Ben is a junior majoring in Asian Studies with a focus in Chinese Language. He loves to travel because meeting generous and interesting strangers every day restores his optimism in people. This helps him to write meaningfully about life.
Jeff is a PhD candidate in the department of anthropology. He is a cultural anthropologist specializing in cognitive anthropology, which is kind of like being a psychologist except it involves doing fieldwork in remote places at risk of giving you parasites, and kind of like being an anthropologist except it has a few scary numbers in it. He has just returned from long-term fieldwork in the Ecuadorean Amazon among smallholder Kichwa farmers. He is back in Nashville to write his dissertation, which will have to do with changing patterns of biological cognition, land use, and modernization among indigenous farmers in the Napo region of Ecuador. Jeff has worked with the Writing Studio on and off since 2008, and he’s pretty sure that if you have an issue with your writing than he’s had it too, and in spades.
Kara Sherrer is a sophomore in the College of Arts and Sciences, pursuing a degree in English and self-designing a major in Corporate Communications. She is also a reporter, columnist and copy editor for The Vanderbilt Hustler and a team lead for the Vanderbilt chapter of Design for America. In her free time, Kara enjoys reading, working out, critiquing films and listening to music that she thinks is obscure. She is passionate about helping other writers express their ideas while maintaining their own voices — and meeting the assignment’s criteria, of course!
Born, raised and chained to Green Bay, Wisconsin, David remains ecstatic to have found a way out to Vanderbilt. A philosophy major aspiring to a professorship, David is rather fond of his school, the Writing Studio, the philosophy department, disc-golfing, the environment, German board games and more! Though a rookie to the studio he looks to quickly become the best adviser of ever. He also loves Wikipedia, and dreams of one day having a page himself at least six full mouse-scrolls long.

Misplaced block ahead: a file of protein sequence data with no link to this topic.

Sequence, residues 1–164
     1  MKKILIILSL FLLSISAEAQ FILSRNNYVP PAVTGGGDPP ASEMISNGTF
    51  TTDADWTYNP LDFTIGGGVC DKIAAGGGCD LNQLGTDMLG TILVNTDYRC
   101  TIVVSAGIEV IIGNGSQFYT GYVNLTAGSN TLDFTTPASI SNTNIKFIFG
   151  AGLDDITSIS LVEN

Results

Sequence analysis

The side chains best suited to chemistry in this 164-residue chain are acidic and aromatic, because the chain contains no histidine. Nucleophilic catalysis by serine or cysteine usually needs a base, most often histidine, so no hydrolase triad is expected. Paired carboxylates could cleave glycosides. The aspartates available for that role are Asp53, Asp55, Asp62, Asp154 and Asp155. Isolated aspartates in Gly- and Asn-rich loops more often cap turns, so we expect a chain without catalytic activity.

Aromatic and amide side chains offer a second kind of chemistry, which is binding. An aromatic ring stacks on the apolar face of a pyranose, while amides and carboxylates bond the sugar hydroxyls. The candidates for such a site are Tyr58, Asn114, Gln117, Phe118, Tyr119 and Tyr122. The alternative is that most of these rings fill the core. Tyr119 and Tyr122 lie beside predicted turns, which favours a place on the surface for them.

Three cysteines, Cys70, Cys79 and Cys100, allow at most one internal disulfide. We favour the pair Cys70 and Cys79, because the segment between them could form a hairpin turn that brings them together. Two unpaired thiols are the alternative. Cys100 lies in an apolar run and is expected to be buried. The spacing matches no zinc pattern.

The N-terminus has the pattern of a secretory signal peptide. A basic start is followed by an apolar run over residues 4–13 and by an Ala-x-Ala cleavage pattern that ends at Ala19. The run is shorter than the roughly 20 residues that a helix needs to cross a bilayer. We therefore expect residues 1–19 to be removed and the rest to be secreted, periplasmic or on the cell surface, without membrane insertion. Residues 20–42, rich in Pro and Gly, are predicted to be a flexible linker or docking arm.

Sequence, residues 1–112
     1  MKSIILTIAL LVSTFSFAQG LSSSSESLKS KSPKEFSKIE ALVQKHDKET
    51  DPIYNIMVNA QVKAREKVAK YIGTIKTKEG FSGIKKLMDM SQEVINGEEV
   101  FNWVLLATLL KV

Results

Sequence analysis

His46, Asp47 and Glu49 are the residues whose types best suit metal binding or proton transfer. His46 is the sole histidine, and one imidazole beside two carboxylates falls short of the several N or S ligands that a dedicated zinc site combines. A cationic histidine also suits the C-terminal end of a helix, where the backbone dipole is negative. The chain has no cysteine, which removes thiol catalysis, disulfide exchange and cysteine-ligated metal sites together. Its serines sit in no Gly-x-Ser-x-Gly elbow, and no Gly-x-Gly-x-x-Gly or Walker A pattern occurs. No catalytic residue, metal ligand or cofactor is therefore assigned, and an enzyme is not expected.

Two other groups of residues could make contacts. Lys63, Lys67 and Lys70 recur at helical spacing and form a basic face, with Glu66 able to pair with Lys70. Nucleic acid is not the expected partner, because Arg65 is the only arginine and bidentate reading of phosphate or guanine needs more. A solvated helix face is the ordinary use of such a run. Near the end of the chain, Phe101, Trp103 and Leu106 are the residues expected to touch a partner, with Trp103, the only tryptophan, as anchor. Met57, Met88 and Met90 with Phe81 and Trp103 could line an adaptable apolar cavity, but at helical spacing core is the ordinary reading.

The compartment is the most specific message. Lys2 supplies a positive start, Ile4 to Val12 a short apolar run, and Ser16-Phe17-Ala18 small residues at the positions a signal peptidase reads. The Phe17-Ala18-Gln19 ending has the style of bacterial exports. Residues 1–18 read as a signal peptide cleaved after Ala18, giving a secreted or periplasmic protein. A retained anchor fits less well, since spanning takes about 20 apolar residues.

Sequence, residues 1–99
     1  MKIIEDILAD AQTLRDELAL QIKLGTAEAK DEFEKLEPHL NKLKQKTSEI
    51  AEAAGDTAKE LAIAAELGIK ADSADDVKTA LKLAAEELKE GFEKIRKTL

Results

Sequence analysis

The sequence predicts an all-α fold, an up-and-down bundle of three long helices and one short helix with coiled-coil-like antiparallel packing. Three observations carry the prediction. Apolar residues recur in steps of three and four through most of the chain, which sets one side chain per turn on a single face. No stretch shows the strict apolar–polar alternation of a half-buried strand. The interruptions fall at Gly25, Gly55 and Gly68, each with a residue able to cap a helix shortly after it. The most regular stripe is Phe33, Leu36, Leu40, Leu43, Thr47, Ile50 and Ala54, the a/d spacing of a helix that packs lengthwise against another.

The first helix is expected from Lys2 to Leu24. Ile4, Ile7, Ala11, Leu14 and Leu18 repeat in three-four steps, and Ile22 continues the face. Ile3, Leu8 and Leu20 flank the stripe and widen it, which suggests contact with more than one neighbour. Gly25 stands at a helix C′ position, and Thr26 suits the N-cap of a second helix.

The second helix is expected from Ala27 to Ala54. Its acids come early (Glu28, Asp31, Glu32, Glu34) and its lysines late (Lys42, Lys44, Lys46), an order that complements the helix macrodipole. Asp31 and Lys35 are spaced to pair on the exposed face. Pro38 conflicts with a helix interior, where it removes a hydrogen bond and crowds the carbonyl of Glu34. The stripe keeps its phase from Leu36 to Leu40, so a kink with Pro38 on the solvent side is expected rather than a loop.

Anna Silverstein is a first-year MFA candidate in fiction. She got her B.A. in creative writing from Oberlin College in Ohio. She grew up in Massachusetts—childhood highlights include reading (and rereading) many fantasy novels and winning a contest for growing the largest sunflower in town. She has worked for Big Brothers Big Sisters in Boston for the last three years and is excited about the intersection of writing and youth development work.
Leah is a sophomore in the College of Arts and Science, planning to major in English. When she’s not fretting over her own attempts at writing, she can often be found reading, sketching, or singing. She is a member of Vanderbilt Concert Choir and Voce A Cappella, and supports the performing arts through her involvement in the Vanderbilt Performing Arts Council. While she loves the atmosphere of Nashville, she does occasionally miss the sunny warmth of her Florida home.
Rebecca Tuvel hails from Toronto, Ontario and earned a B.A. in Philosophy from McGill University. She is currently completing her Ph.D. in Philosophy at Vanderbilt. Rebecca works on animal ethics, environmental ethics and feminist philosophy, and is particularly interested in the intersections among these fields. Her current work explores the wrongs associated with using knowledge acquired as a result of oppression. Rebecca thinks often about ways to overcome writing anxiety, and agrees with the claim that “you can fix anything but a blank page.”
Simone Wolff is a first-year MFA student in poetry at Vanderbilt. She was raised in Brooklyn and went to Barnard College for a degree Women, Gender and Sexuality Studies, during which she worked as an intern for the performance poet Kit Yan. Her sign is Cancer and her passions include gardening, fancy food, and cartoons.